The Voices of Newbury

The acceleration of time continues. I’ll be 36 in January, (I think, can’t actually remember it it’s that or 37). Anyway, I’m hurtling towards 40 at an increasing rate of knots.

In keeping with this I seemed to have joined a choir for Christmas, and have recently spent two brilliant evenings meeting people and singing with them at St. Nicholas Church in Newbury. I can’t help thinking of the sense of continuity, and of course of continuation when singing in a church.

As we were singing there were people ordering the church for Christmas, putting up a tree and decorations, setting up displays.  It reminded me powerfully of the activities of the people of Morebath as recorded in Sr Christopher Trychay’s parish journal and set out in The Voices of Morebath: Reformation and Rebellion in an English Village

Looking on Wikipedia this morning I see that my feelings weren’t a co-incidence. The present building was started in the year (1509) that Henry VIII came to the throne, and probably completed around the year (1533) that he was excommunicated by Pope Clement VII. It would be really interesting to find out how the swings of reformation, counter-reformation and Elizabethan settlement affected the church in the years after its completion. I wonder if there’s a book?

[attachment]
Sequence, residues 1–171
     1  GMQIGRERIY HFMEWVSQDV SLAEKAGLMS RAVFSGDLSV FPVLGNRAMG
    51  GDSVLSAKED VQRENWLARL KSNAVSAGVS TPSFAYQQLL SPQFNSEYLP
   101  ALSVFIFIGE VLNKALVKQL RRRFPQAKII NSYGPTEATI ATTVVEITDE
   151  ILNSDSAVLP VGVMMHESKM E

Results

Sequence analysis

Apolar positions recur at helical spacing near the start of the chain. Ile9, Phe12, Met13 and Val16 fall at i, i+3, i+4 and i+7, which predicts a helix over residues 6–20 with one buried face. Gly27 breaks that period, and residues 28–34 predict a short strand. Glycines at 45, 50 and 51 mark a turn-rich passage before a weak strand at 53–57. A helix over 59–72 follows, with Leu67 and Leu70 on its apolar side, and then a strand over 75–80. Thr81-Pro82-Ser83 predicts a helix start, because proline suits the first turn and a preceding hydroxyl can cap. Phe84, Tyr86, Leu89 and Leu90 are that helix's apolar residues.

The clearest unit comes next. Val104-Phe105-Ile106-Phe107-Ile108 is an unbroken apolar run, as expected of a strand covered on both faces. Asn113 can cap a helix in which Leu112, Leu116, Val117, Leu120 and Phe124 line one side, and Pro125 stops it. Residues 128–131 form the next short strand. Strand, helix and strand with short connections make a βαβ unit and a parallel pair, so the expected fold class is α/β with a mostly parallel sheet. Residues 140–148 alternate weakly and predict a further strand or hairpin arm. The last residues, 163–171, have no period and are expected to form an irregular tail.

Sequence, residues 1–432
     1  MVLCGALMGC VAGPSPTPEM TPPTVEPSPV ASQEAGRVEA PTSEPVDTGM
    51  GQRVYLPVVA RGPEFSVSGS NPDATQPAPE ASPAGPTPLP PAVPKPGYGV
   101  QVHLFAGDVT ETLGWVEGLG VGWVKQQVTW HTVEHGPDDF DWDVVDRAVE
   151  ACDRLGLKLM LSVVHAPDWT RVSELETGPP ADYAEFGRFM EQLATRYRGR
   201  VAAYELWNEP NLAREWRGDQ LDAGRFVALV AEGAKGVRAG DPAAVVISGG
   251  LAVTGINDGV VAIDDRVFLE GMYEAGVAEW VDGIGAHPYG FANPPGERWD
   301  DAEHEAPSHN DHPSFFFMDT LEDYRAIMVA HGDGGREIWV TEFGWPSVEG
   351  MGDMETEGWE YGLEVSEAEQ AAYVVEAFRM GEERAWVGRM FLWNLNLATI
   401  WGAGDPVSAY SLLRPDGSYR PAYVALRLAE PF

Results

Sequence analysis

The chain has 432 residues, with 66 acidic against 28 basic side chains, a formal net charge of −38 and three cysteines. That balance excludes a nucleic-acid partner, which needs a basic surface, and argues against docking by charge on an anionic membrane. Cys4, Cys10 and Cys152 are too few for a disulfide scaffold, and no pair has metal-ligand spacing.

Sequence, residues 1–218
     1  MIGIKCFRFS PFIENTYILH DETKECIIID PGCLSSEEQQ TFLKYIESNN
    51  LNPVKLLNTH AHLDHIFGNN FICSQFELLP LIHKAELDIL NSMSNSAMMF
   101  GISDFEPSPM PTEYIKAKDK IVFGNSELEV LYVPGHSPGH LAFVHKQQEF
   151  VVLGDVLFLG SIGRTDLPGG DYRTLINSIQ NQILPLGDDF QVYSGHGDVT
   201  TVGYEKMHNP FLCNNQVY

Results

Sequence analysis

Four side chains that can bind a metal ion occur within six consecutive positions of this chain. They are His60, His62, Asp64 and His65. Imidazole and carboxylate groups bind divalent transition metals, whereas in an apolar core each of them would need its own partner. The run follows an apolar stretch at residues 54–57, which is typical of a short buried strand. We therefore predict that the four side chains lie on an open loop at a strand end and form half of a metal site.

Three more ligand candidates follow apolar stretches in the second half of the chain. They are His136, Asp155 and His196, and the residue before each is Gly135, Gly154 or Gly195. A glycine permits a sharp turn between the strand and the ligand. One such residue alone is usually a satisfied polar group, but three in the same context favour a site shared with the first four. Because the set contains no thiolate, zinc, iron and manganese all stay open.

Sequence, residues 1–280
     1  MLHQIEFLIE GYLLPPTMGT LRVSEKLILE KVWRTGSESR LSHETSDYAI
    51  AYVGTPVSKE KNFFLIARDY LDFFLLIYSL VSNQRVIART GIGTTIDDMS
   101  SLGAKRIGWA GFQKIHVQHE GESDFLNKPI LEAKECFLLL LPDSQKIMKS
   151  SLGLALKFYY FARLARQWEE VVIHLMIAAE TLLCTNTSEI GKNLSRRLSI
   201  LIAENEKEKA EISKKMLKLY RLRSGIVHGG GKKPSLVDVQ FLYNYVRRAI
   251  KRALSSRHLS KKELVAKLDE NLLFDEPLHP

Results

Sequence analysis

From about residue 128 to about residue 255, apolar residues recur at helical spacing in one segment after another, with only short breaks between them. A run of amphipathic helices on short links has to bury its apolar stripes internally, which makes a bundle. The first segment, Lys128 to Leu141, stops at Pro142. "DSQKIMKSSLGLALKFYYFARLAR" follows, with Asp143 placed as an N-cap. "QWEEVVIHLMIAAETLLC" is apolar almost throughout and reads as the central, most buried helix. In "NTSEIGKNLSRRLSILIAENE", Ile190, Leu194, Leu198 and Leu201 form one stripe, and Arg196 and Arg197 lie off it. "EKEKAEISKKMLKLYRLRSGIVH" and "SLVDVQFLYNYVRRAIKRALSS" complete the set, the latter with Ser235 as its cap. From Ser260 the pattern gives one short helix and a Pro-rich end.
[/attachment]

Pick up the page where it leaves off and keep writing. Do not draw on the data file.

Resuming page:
It seems there is! The Story of Newbury (Local History).


  • Tiffany has been watching The Tudors and is finding that period of time very interesting. She then spent about twice as long reading Wikipedia pages about Henry VIII and Anne Boleyn that actually contain factual information and finding that even more interesting.

    Do you ever teach the history of that period and if so how can Tiffany sign up for your class.

  • I’m not an expert (on anything really, but especially not the Tooders). But, there are a couple of good books wot I have read, one in particular is really well written, and leaves you feeling much cleverer than you felt when you started it, but with little or no sense of “got to finish that bleedin’ book on the reformation” – The Long European Reformation: Religion, Political Conflict and the Search for Conformity, 1350-1750 (European History in Perspective) Catchy title eh? Don’t believe the comments on Amazon, it’s actually quite an easy read, and contains all the stuff you need to know about Calvin, Luther et al. It puts Henry VIII in a context that makes him seem a little less venal (tho not much). The other one is the Voices book mentioned in the post – I LOVE it, in fact it might be my favourite history book from last year.

    Another place to look is thought Starkey’s emphasis gets a bit grating after a couple of hours!

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